The second thing I started to notice were the habits I had formed that do not serve me and my “aspirational self” all that well. I reach for my phone immediately upon waking and tend to be on it off and on all day after that (for work, sure, but also for a lot of non-work, non-essential reasons). I also drink a lot of water at night to make up for all the water I don’t drink during the day, and that disrupts my sleep quite a bit (or else gives me dreams of peeing in public which are FUN). It’s been interesting to think of my habits as building up to the kind of person I want to be and seeing how lots of little things I do throughout my day keep me a little bit from really being or becoming that person.

I am also being very conscious of not becoming too regimented. There is no need to “optimize” every bit of life; in fact, this would be downright damaging to one’s mental health. Life isn’t lived in optimization but in the navigation through the unexpected, the chaos, the tedious, the joyful, and the sorrowful. Certain habits may help that navigation, but habits are not the solution. They should not be held up as salvation. (Clear isn’t at all suggesting this, I just know my own tendencies!) So like my minimalist shopping philosophy — get rid of something for every something I purchase — I am trying to do the same with my habits. I am trying to incorporate a “replacement” strategy of habit-forming rather than a purely “additive” strategy. So instead of reaching for my phone in the morning, I’ll open my tablet and read 20 pages or so. Instead of drinking a second cup of tea in the morning, I’ll drink half my bottle of water. Instead of watching Netflix after I close my computer for the day, I’ll read. I do have a couple of new habits I’d like to form to help set me up for success (get back to daily meal-planning, daily house-cleaning routine, etc.), but the good thing is that I’m already mostly doing those, just in a more chaotic manner. Making them part of a consistent routine will be good for me.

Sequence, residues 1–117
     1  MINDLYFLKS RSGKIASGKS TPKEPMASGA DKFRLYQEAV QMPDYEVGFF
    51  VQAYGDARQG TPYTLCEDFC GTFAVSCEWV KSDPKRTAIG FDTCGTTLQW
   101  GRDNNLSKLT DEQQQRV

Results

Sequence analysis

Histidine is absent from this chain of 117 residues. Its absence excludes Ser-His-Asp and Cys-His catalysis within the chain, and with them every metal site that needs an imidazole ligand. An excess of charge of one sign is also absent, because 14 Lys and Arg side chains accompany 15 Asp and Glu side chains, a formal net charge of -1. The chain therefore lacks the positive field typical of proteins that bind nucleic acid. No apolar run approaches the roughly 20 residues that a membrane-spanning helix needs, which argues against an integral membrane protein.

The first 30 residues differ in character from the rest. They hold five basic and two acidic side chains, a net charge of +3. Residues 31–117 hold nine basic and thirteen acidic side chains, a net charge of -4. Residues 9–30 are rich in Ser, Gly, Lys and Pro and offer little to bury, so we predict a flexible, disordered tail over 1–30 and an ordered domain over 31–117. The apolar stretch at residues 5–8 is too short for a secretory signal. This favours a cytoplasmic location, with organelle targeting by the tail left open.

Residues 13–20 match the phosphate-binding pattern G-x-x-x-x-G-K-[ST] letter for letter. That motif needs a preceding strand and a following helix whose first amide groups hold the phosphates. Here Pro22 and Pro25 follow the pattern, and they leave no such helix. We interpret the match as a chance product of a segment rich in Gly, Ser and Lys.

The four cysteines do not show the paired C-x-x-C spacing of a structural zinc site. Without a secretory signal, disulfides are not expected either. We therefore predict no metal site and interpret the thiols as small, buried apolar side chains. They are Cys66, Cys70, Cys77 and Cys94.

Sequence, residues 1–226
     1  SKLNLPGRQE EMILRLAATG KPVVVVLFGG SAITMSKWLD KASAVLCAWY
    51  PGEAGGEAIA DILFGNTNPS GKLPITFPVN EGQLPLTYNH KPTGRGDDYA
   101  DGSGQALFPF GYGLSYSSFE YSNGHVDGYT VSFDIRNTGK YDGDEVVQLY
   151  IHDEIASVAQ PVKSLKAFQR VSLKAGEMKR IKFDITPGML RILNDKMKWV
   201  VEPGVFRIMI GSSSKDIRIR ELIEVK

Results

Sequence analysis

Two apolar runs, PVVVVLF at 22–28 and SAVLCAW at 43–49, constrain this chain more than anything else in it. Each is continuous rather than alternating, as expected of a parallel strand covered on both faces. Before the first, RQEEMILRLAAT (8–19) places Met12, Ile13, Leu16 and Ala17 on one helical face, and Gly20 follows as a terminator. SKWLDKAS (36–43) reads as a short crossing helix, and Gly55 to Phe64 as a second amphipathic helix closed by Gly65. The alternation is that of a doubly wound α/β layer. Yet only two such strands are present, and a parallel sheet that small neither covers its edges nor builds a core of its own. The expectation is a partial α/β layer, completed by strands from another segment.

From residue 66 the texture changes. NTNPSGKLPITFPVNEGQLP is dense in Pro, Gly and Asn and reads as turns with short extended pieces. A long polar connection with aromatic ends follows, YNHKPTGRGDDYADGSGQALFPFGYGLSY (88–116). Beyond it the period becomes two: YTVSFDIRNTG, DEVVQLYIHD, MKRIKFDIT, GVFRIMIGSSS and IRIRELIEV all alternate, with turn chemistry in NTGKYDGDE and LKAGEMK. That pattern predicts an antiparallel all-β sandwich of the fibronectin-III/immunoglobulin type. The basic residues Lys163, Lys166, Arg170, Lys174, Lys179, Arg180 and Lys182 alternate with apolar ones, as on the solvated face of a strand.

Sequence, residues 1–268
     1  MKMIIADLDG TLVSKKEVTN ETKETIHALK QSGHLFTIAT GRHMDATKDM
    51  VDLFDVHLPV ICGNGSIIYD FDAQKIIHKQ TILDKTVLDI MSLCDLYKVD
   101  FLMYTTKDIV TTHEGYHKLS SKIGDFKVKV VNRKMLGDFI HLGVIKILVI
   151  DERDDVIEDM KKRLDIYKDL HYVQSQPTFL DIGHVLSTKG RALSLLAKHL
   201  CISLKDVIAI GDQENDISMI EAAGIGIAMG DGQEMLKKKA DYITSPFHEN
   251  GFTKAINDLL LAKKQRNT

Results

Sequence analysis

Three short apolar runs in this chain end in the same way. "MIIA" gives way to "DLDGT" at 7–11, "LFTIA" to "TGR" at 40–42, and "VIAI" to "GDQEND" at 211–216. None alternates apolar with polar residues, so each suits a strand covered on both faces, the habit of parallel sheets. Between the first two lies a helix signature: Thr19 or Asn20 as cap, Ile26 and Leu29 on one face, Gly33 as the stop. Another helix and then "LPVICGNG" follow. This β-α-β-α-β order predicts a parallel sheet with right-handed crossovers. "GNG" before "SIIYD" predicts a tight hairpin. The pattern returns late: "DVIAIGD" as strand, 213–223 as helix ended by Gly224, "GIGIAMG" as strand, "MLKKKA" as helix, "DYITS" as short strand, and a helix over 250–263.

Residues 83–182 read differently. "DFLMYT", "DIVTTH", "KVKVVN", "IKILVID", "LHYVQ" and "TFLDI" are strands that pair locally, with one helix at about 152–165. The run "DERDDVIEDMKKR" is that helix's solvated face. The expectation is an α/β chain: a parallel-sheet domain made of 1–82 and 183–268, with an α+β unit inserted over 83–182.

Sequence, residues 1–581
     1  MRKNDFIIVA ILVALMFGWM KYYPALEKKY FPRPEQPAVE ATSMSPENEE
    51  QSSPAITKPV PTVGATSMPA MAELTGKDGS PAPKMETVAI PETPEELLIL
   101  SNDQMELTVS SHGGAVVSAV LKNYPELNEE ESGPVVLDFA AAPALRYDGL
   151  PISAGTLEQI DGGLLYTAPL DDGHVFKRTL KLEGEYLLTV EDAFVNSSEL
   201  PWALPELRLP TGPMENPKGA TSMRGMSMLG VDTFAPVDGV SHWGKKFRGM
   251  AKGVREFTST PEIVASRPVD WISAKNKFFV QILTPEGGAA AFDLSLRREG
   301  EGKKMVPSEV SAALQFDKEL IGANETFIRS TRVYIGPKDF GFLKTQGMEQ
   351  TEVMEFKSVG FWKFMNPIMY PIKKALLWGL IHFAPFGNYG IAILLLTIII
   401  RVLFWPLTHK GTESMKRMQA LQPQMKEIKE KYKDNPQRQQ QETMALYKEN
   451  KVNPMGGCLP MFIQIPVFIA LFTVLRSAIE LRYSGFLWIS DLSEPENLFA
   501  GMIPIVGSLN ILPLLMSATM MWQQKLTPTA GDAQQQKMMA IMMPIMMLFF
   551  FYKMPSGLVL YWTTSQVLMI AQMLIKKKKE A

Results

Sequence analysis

I’ve also been mindful of how my anxiety interacts with my habit-life. I tend to overplan when I’m feeling anxious. That feeling of control doesn’t actually soothe my anxious heart, but it gives that energy a place to go other than towards an obsessing about my faults and feelings of stuckness. So while I love what I’m learning in this book, I want to be cautious about not jumping full-on into a focus on habits. At its worst for me it is a faulty coping mechanism that just sets me up for more anxiety when I have over-habituated my life, then those habits or plans need to be modified because life happens, and then I get anxious because I feel like I’m failing my habits, my plans, and myself.

What has been fun about this process, though, is realizing all the little things that bring me joy in my day. Clear asks the reader to make a list of their “rewards,” the things they enjoy that can act as a motivator or “bundler” with new habits. It turns out that I’m a bit of a hedonist. I have several things that serve as a reward in my life: standing out on my lanai looking out at the ocean for a few minutes. Reading for fun. Watching Netflix with Chris or while doing my morning cardio. Having an evening glass of wine. Going for a SUP on Kaneohe Bay. Going for a walk. Listening to a podcast. Lighting a citrus-scented candle. Taking a koke’e-scented bath. My life is full of little joys and getting a chance to note them all has made me more grateful for the life and experiences I get to call “mine.”

And yes, I wrote this post as part of one of my favorite established habits — a Saturday morning walk to Starbucks for a latte, then walk home to write or research or work on graduate school homework. The walk and work are the two habits I’ve combined, and the Starbucks is the reward. I am pretty good at forming habits, I just need to be more intentional about which ones I form and noticing where current habits are no longer serving me. Lots of our life and selves are revealed in our habits, so these small things add up to have big meaning over time. It’s important to notice the little things.